Thus, itappears that being “crazy,” does not make one person’s feelings or words moreor less valuable.  Instead, andpossibly contrary to popular thought, mental illnesses can create formidablebarriers to creative expression. Medications, then, can work to alleviate not only one’s suffering, butalso can open and reopen expressive outlets.

 

Sources:

1-   New York Times Article- “Quieting the Demons and Giving Art aVoice” http://www.nytimes.com/2008/04/29/health/29book.html?_r=1&oref=slogin

2-   http://en.wikipedia.org/wiki/Antidepressant#Selective_serotonin_reuptake_inhibitors_.28SSRIs.29

Comments

Paul Grobstein's picture

mental "illness" and creativity

Kaye Redfield Jamieson says in her An Unquiet Mind

"I have often asked myself whether, given the choice, I would choose to have manic-depressive illness. If lithium were not available to me, or didn't work for me, the answer would be a simple no... and it would be an answer laced with terror. But lithium does work for me, and therefore I can afford to pose the question. Strangely enough, I think I would choose to have it. It's complicated... I honestly believe that as a result of it I have felt more things, more deeply; had more experiences, more intensely; loved more, and have been more loved; laughed more often for having cried more often; appreciated more the springs, for all the winters... Depressed, I have crawled on my hands and knees in order to get across a room and have done it for month after month. But normal or manic I have run faster, thought faster, and loved faster than most I know."

Sounds like there is some consensus that some degree of craziness is valuable. So what is "illness"? And can one have the one without the other?
One Student's picture

I suffer from mental

I suffer from mental illness (depression and anxiety), and I'm a writer. This is my perspective on the connection between mental illness and creativity. The *experience* of being mentally ill informs a person's worldview in profound ways. For one thing, how I see the world and myself changes depending on my mood - this unsettles any sense of absolute reality, of definite truth; it has given me greater mental flexibility and makes me more inclined to really try to see someone else's point of view; I am more sympathetic to the suffering of others, and am more likely to understand others' suffering, or at least understand that I *cannot* understand. Mental illness has required me to examine myself intensely; I am self-centered, but self-aware. I experience *intense* emotions, pathologically intense emotions - things matter so much to me, and sometimes that causes me trouble (aside from the emotional pain of it), but on the other hand I am *never* indifferent. And so on.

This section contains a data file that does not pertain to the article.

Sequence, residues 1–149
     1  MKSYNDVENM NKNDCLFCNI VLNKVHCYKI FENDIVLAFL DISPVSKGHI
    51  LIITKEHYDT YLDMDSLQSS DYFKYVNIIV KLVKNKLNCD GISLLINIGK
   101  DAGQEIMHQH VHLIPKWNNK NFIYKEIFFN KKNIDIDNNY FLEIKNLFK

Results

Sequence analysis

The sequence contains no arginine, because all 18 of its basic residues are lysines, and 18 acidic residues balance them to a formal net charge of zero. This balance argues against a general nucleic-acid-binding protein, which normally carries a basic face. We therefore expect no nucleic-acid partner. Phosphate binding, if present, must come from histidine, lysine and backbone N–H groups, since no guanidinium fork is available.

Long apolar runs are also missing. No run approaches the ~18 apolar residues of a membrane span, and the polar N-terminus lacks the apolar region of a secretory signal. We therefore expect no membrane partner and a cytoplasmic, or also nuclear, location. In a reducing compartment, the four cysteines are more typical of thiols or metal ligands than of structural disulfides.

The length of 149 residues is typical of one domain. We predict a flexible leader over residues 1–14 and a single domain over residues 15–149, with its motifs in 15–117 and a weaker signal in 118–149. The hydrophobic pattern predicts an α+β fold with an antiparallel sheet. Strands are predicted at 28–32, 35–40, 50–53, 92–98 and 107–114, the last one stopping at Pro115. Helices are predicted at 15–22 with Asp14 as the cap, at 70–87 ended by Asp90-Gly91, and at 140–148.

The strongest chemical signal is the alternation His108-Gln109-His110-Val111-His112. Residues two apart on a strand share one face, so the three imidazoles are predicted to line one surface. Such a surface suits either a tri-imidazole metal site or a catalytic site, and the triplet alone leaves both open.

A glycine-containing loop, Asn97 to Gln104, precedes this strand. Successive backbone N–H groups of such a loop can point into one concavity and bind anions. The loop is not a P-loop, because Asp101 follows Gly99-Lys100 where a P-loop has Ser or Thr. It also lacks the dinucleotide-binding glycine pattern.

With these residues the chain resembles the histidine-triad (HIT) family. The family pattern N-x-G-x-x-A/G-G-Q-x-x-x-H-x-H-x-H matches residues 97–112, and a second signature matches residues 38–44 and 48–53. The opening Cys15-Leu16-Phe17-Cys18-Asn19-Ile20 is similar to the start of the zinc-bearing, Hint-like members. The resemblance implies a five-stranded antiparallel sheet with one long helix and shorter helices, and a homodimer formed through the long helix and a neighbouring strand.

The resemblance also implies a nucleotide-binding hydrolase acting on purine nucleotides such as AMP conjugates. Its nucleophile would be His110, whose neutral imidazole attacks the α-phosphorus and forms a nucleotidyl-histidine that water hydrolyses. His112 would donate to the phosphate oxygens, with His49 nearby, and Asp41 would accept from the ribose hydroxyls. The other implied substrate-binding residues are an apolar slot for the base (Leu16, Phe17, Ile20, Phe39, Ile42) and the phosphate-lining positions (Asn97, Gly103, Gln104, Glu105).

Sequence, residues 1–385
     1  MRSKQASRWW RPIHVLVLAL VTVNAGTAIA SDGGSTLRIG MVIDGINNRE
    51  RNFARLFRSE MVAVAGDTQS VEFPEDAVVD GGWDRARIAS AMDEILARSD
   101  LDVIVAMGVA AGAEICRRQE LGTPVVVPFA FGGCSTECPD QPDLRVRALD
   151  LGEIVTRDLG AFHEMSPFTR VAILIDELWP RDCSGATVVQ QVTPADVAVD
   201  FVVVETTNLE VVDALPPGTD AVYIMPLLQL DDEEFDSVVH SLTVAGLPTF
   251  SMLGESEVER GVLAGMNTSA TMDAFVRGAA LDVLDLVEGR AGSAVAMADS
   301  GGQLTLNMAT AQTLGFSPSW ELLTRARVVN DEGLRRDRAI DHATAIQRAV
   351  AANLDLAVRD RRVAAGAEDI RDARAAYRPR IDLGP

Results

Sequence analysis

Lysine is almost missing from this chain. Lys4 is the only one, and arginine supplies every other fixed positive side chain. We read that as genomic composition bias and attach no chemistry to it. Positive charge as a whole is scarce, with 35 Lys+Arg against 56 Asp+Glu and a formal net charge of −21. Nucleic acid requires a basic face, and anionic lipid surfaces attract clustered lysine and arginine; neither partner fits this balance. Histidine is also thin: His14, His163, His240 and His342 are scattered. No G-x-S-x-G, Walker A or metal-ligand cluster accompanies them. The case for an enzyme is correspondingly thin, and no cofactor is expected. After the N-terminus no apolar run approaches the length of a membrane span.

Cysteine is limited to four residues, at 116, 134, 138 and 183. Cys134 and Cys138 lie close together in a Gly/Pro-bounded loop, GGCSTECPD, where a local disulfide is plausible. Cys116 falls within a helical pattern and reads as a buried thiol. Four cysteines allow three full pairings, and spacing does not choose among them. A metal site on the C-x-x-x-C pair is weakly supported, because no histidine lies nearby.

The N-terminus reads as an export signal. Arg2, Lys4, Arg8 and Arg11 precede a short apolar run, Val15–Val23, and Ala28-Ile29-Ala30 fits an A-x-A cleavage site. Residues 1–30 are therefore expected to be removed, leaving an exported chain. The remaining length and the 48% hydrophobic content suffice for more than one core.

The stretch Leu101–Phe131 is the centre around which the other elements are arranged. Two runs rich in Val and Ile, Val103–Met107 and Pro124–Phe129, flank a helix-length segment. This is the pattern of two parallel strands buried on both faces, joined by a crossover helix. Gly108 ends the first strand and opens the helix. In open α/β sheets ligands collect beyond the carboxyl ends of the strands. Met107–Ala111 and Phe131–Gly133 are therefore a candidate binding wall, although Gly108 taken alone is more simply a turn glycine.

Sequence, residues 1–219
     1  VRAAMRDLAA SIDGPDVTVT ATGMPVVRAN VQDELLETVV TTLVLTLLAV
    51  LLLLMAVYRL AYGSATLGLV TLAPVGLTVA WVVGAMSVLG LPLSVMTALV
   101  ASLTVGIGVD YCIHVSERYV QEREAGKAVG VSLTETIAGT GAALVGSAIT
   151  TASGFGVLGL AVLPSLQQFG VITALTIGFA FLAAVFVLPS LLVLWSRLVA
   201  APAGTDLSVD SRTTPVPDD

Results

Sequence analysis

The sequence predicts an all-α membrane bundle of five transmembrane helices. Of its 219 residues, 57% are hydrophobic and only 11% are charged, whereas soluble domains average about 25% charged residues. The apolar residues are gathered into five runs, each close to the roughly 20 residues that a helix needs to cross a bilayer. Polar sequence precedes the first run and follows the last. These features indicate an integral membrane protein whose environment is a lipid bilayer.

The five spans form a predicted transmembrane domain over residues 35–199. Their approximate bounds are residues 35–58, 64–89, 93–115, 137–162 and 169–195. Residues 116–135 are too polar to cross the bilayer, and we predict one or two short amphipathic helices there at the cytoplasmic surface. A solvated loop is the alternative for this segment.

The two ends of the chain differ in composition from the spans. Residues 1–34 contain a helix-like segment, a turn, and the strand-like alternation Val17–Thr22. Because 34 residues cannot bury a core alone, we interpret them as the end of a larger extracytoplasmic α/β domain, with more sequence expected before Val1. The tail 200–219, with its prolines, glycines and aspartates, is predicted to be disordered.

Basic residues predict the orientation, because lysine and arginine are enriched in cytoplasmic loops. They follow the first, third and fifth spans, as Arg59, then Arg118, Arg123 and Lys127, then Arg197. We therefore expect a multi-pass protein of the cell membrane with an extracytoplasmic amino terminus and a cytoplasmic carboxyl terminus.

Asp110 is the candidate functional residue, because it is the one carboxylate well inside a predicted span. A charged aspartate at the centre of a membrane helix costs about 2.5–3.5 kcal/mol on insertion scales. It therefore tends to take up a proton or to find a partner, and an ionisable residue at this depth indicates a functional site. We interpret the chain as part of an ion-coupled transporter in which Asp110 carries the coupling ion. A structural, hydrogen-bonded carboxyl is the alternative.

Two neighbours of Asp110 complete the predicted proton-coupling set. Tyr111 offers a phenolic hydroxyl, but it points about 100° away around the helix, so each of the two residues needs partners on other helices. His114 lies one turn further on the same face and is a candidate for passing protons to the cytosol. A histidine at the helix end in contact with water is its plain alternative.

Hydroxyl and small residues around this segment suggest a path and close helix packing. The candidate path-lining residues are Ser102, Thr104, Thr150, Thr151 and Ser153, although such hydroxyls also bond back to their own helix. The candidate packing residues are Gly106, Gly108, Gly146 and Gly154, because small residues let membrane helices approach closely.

However, as the NYTimes article you quote explains, mental illness interferes with actually getting things done. Mental illness makes it difficult to think clearly, and to write, and to share my writing - part of my attention is taken up by a rush of negative thoughts that I have to fight through; feeling overwhelmed, and apathy, make it difficult for me to actually achieve the act of writing; and social anxiety sometimes makes me intensely self-conscious when I share my work; criticism can make me feel horribly exposed, emotionally flayed, sometimes.

I can't say I'm glad to have experienced mental illness, though I do make use of it, but I'm very much looking forward to finding a medication that works.

Sometimes I ask myself what I would choose, if given the choice between having both insanity and creativity but without treatment, or having healthy emotions and a boring mind. My answer changes a lot, but I know I'd be a different person entirely if I weren't and had never been crazy.